There is a space heater with a bowl of water and Star Anise to keep the air from being too dry and making her stuffy. Star Anise is a treat, not that Willow cares to nibble on one, and also benefits the respiratory system and arthritis. Willow also gets a morning spritz while in her sunny window with a stem of aloe in her water to also help with arthritis. During the day she often has some music playing. In the evening she gets moved over to the area of the TV where everyone, cats, dog, and people, seem to congregate on the sofa and chairs. Today we will introduce a Christmas Tree with a whole lot of lights. Should be interesting, or simply overwhelming? We shall see!
This continues to be a bit messy as I’ve not had a chance to really focus on an exact format or plan for where I want to take this series. Thank you for following along and meeting some of what may have been Willow’s ‘friends’ had she remained in the wilds of Mexico.
Willow’s World: Today I placed Willow on the top branch of her Jungle Gym. It was a first for her. So high up above me and all that is normally more eye level for her. As usual, she spent some time preening while taking time out to look around and examine her new point of view. The branch had a dip and a rise. What to do? Best to stay in a short section is what she finally decided. There were moments where Willow fluttered her wings or bent forward a bit as if she thought that flight might be possible. But she seems to know that at best a flutter-fly merely takes her down and not always where she had intended to go. Thoughts of food got her to step up onto my finger, flutter to my shirt, and climb up to my shoulder from which she went into her cage. This parrot should be so nimble maneuvering around the branches of vegetation to forage is simply still unsure of what to do about getting around her new world. I often wonder what her 28 years of life were really like.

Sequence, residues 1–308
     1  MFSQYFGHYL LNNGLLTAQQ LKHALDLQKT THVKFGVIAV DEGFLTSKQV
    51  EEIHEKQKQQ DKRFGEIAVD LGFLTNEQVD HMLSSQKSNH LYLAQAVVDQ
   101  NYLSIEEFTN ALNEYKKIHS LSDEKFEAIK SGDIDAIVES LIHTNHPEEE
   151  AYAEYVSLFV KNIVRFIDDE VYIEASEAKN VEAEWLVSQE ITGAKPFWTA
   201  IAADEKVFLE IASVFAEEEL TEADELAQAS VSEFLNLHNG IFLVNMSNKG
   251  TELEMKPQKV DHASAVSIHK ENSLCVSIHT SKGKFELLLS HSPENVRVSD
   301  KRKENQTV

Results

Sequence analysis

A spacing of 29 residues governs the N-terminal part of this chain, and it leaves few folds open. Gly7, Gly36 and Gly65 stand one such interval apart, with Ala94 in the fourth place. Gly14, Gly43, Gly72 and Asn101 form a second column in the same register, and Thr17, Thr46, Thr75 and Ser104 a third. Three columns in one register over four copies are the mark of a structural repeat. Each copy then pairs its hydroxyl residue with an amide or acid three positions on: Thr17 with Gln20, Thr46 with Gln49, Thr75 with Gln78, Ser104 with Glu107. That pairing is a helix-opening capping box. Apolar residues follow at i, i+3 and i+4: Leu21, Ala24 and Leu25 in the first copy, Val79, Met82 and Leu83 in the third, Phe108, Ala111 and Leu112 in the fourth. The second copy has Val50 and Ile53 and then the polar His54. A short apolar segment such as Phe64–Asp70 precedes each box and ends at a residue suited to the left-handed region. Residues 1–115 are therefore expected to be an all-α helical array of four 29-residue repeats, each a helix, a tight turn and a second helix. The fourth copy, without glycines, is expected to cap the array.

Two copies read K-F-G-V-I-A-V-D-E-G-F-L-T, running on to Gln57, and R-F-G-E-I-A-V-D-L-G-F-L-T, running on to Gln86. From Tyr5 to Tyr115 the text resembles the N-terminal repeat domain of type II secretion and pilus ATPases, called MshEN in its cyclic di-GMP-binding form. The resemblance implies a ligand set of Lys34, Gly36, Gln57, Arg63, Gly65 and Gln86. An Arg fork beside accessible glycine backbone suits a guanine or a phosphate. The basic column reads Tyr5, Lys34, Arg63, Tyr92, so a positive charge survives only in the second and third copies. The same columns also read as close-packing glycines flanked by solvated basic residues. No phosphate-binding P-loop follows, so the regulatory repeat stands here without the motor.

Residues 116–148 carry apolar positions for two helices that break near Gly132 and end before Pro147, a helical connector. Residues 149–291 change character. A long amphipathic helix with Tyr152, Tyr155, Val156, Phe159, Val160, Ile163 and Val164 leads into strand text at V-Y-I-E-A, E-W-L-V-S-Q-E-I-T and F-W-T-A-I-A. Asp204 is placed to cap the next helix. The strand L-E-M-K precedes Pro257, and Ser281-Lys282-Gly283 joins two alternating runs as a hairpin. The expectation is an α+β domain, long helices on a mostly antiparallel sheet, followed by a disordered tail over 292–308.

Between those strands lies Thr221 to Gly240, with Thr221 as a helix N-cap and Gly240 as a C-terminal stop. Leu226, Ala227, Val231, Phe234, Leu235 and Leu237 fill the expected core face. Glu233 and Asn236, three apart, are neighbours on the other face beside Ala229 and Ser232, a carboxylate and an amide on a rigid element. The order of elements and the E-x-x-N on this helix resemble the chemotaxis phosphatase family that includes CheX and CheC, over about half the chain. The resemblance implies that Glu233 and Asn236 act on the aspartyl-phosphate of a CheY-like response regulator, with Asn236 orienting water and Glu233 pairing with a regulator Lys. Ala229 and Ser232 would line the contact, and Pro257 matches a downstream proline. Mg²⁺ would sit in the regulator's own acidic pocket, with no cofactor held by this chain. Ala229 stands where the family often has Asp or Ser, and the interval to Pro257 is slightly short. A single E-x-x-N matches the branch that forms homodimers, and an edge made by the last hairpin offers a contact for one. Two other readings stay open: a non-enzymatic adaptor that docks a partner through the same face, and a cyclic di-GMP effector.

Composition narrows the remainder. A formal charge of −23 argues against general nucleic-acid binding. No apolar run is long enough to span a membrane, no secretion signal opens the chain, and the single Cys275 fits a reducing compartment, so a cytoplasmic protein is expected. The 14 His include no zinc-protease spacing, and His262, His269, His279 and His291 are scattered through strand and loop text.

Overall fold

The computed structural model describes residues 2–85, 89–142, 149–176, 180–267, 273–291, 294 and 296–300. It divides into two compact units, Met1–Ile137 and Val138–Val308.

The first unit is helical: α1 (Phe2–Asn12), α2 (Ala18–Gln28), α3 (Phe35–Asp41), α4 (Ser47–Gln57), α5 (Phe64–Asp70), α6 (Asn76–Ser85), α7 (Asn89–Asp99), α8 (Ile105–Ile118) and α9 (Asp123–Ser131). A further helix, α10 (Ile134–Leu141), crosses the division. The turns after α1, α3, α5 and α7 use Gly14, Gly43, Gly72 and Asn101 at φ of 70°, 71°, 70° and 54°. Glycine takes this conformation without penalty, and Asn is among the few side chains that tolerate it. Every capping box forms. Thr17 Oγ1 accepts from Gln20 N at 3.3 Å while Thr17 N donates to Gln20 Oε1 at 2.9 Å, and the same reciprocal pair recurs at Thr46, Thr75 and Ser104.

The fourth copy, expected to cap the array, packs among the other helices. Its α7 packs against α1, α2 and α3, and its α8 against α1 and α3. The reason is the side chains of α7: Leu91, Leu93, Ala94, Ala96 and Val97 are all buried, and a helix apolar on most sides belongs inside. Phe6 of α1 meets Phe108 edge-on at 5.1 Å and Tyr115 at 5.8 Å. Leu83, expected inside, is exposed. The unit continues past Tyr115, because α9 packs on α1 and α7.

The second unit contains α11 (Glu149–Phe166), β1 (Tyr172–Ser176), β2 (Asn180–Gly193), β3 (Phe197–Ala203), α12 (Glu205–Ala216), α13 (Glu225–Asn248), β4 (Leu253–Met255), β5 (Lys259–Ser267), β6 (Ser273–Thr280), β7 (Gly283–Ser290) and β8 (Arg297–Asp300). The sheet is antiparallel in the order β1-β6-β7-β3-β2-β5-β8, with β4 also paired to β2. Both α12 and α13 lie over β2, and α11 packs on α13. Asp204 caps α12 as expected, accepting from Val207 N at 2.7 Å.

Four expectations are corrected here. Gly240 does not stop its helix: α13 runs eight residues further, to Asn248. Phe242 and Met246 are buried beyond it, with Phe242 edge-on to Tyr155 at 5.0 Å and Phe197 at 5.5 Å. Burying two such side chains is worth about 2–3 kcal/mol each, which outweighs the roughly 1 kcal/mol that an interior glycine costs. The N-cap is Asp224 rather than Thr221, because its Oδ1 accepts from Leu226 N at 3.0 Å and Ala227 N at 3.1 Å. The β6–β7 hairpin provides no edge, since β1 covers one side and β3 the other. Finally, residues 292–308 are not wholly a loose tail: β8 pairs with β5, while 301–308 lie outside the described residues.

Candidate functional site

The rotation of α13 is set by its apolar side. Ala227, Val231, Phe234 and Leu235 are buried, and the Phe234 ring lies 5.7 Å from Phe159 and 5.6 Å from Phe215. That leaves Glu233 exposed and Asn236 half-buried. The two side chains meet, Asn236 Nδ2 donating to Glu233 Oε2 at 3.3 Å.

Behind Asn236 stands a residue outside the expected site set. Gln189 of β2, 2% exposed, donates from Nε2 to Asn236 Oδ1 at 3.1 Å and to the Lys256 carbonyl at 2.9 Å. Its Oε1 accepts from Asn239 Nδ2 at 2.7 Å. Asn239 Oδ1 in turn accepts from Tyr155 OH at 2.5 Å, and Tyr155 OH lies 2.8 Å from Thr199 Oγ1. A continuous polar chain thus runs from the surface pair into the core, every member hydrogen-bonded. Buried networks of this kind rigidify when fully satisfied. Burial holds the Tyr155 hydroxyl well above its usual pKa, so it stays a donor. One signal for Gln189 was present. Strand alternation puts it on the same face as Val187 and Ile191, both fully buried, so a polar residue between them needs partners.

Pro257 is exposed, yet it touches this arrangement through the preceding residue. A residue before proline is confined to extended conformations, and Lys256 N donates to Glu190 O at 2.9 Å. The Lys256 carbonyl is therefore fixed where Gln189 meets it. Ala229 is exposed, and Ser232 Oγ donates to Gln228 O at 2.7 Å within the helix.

The Black-headed Saltator is a 9” tanager of central Mexico down to Panama that may have foraged for fruits or insects of the plantations or vegetated open habitats that Willow visited. The Saltator can be found in gardens, brushy pastures, near waterways, or cacao and coffee plantations. A lot of the natural history of this species is still not well-known. A predator is the beautiful Aplomado Falcon, a species I’ve had distant glimpses of in the wild but a good close-up of an ambassador.
Black-headed Saltators have not been recorded on e-bird beyond its typical range so seeing it is likely if you visit Mexico, Belize, Guatemala, Honduras, Nicaragua, Costa Rica, and south to Panama for some birding.